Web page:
Caribbean movies, but was released after the first Pirates film.Jimmy's line: I've drank three pints of milk a day for as long as Ican remember. Because of all the calcium, I've never had a fillingor been knocked out, and my bones are as hard as rock! clearlylinks the well-known association of calcium to bone develop-ment. It also suggests a unit conversion calculation for students.Does Jimmy exceed the recommended daily allowance (RDA) ofcalcium? Provide students with the following data: the calciumRDA for adults is 1000 mg, and 1 cup of milk contains 300 mgCa. With the necessary conversion factor (1 pint = 2.0 cups)students should calculate that Jimmy drinks 1,800 mg of Caa day. (The problem could be converted to metrics by sayingJimmy drinks 1.4 L of milk a day and providing the appropriateconversions.)

    Chromium

    Captain Hook may have been a figment of Scottish writerJ. M. Barrie's imagination, but metal hooks were indeed intro-duced (in the 1600s) to replace lost hands (9). Fortunately,modern prosthetics can produce much more efficient devices.Not so, however, in The Chromium Hook (2000). In this shortfilm, a hook-handed escapee from a mental institution terrorizesa small town. Chromium, of course, is an ideal metal to platemany iron or steel objects including, presumably, a prosthetichook. The hard, corrosion-resistant metal is also known for itsbrilliant luster, providing our deranged hero with a hook anypirate would be proud to own.

    Iron

    John Ford's The Iron Horse (1924) is named after thepopular term initially adopted in the mid-19th century forsteam-powered locomotives, and the movie is based on theconstruction of the railway to the West. Iron Giant (1999), IronMan (2008), and hundreds of othermovies also contain iron intheir titles, which is usually either a symbolic or direct referenceto the strength associated with the metal.

    Cobalt

    In Cobalt Blue (2009), three childhood friends grow uptogether on a Japanese island surrounded by deep blue seas and arich blue sky. Set in this backdrop, the film takes its title from theblue pigment of the same name that can be prepared syntheticallyby heating CoO and Al2O3 to form cobalt aluminate, CoAl2O4.Historically, cobalt blue has been used to color glass, porcelain, andin art paint. Curiously, the cobalt blue is also a rather aggressivetarantula (Haplopelma lividum) that is native to Myanmar andThailand. The tarantula is named for the color of the legs, which,in females, appear a brilliant iridescent electric blue.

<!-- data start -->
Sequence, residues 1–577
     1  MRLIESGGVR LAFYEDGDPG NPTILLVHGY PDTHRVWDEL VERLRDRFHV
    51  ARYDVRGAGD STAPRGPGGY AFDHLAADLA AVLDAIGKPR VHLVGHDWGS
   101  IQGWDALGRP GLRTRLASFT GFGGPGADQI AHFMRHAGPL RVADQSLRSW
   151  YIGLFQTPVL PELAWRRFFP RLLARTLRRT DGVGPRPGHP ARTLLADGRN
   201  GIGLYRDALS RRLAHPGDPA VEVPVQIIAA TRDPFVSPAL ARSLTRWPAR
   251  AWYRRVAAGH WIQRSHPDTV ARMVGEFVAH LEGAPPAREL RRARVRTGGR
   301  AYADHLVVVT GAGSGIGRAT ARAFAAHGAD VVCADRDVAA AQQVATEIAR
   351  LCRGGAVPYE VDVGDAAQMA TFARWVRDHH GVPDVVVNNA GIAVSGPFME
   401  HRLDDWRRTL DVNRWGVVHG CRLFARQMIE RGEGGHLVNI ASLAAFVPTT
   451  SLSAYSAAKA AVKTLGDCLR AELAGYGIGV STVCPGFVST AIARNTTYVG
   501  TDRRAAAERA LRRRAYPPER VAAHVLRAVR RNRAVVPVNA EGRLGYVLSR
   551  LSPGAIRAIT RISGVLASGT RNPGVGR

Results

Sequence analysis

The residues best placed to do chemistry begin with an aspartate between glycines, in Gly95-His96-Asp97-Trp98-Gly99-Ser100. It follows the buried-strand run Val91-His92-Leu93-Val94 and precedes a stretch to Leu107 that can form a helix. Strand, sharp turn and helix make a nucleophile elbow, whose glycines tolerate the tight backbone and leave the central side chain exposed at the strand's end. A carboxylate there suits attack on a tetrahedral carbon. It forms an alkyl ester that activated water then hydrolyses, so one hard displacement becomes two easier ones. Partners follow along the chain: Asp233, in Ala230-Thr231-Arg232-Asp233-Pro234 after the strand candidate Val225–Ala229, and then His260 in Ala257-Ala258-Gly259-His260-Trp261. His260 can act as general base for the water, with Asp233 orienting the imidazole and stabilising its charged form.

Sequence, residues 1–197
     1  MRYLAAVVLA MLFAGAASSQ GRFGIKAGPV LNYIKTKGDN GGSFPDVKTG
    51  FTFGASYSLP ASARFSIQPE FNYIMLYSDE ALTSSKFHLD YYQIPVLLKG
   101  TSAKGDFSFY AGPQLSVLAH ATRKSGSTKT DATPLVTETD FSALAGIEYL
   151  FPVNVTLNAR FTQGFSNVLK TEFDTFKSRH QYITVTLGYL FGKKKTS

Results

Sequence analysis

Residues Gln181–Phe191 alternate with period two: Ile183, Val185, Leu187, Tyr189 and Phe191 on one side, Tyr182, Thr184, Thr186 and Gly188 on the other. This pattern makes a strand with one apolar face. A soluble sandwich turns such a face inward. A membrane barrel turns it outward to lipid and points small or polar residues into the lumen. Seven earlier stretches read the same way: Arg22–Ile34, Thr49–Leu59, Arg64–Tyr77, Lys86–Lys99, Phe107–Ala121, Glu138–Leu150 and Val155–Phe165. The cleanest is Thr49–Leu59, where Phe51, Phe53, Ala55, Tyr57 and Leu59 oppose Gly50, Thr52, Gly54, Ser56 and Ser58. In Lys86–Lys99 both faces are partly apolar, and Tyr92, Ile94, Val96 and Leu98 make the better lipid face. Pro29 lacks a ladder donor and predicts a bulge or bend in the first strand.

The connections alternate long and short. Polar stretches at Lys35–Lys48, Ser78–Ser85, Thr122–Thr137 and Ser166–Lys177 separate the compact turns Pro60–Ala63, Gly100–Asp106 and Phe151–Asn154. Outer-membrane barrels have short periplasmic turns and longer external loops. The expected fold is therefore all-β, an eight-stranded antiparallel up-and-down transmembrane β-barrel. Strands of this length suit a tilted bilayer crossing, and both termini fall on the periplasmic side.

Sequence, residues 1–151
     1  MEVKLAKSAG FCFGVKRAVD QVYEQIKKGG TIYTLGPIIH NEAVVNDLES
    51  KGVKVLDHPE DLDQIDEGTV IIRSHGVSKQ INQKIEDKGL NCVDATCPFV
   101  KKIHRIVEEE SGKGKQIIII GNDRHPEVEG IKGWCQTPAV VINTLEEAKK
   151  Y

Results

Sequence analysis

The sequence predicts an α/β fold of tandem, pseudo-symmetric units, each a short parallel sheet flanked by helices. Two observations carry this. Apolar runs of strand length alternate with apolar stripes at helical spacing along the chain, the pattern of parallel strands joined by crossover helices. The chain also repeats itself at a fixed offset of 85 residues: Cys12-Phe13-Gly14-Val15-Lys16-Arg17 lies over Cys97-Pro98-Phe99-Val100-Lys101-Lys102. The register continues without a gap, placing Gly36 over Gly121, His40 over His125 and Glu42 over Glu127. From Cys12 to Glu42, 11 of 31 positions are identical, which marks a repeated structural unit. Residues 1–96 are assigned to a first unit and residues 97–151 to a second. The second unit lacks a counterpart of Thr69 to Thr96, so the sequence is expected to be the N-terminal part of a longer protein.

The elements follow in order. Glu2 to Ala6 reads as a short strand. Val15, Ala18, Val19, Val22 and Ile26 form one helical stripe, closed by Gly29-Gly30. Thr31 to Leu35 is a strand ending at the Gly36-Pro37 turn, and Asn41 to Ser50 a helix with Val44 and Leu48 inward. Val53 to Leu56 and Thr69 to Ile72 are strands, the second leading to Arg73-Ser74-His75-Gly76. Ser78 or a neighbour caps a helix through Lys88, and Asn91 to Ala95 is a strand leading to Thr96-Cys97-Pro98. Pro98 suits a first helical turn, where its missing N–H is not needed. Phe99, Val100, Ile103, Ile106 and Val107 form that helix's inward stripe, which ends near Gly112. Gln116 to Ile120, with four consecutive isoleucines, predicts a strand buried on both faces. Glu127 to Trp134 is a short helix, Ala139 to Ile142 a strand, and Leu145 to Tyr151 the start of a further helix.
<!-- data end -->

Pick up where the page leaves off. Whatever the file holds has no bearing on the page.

Nickel

    Over 20 films, mostly shorts (e.g., On the Nickel, 1980)contain nickel in their titles. The reference is usually to theUnited States 5-cent coin, often a symbol of poverty or hardtimes. Because of the rising copper prices in 2008, nickel coins(which are 75% Cu, 25% Ni) (10) were actually worth over 6cents each. Copper prices dropped in early 2009, making thevalue of the metal content less than 4 cents a coin. Thefluctuation in raw metal prices is likely to continue indefinitely

  • 1058 Journal of Chemical Education_

    Vol. 87 No. 10 October 2010

    _pubs.acs.org/jchemeduc

    _r2010 American Chemical Society and Division of Chemical Education, Inc.

    Chemistry for Everyone

    as mining and manufacturing costs increase, worldwide demandfor metals increases, and some metal resources become depleted.In addition to copper, students could research the prices historyof metals such as gold, silver, platinum, palladium, indium, andrhodium.

    Copper

    Many old western movies contain copper in their titles, inreference to mining towns, such as Copper Canyon (1950), thatfocuses on the troubles of a group of copper miners. The termcopper is also applied to policemen and in that context is usedin several films such as Spare a Copper (1941). Students are oftentold that the term copper (cop) as applied to police is derivedfrom the copper buttons on early police uniforms. Although thismakes a good story, it is more likely that copper in this context isderived from the Latin word capere, meaning to seize.

    Zinc

    InMy Zinc Bed (2008), three characters dominate this storyabout addictions. When one of them dies, he is dispatched to lieforever in his zinc bed. Coffins destined for burial, rather thancremation, are often lined with zinc (or copper) and hermeticallysealed to help preserve the body. Zinc is also an antimicrobialmetal, which further slows down decay of tissues. Pope John PaulII was buried in a triple coffin (11), one layer being composedof zinc.